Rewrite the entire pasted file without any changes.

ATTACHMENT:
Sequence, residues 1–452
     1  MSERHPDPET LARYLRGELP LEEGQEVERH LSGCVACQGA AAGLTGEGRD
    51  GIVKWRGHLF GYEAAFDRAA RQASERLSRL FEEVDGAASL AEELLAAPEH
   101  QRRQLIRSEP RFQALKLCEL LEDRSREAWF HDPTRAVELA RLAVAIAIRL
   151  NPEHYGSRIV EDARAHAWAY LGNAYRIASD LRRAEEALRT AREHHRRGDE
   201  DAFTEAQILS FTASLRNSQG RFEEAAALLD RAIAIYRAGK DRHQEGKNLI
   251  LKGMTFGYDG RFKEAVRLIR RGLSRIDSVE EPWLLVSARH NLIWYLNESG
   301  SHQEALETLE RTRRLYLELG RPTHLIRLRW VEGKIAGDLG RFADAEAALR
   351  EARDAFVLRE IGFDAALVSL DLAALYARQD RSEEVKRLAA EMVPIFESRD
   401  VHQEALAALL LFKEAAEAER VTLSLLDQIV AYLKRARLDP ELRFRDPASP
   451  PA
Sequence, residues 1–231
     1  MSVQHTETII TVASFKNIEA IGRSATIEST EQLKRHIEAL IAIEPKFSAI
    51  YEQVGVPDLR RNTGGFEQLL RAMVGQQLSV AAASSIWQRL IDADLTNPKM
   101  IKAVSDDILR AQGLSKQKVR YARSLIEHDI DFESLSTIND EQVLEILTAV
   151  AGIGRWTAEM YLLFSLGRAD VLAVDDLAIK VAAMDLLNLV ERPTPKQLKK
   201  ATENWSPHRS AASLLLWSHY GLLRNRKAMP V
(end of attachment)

Sequence, residues 1–452
     1  MSERHPDPET LARYLRGELP LEEGQEVERH LSGCVACQGA AAGLTGEGRD
    51  GIVKWRGHLF GYEAAFDRAA RQASERLSRL FEEVDGAASL AEELLAAPEH
   101  QRRQLIRSEP RFQALKLCEL LEDRSREAWF HDPTRAVELA RLAVAIAIRL
   151  NPEHYGSRIV EDARAHAWAY LGNAYRIASD LRRAEEALRT AREHHRRGDE
   201  DAFTEAQILS FTASLRNSQG RFEEAAALLD RAIAIYRAGK DRHQEGKNLI
   251  LKGMTFGYDG RFKEAVRLIR RGLSRIDSVE EPWLLVSARH NLIWYLNESG
   301  SHQEALETLE RTRRLYLELG RPTHLIRLRW VEGKIAGDLG RFADAEAALR
   351  EARDAFVLRE IGFDAALVSL DLAALYARQD RSEEVKRLAA EMVPIFESRD
   401  VHQEALAALL LFKEAAEAER VTLSLLDQIV AYLKRARLDP ELRFRDPASP
   451  PA
Sequence, residues 1–231
     1  MSVQHTETII TVASFKNIEA IGRSATIEST EQLKRHIEAL IAIEPKFSAI
    51  YEQVGVPDLR RNTGGFEQLL RAMVGQQLSV AAASSIWQRL IDADLTNPKM
   101  IKAVSDDILR AQGLSKQKVR YARSLIEHDI DFESLSTIND EQVLEILTAV
   151  AGIGRWTAEM YLLFSLGRAD VLAVDDLAIK VAAMDLLNLV ERPTPKQLKK
   201  ATENWSPHRS AASLLLWSHY GLLRNRKAMP V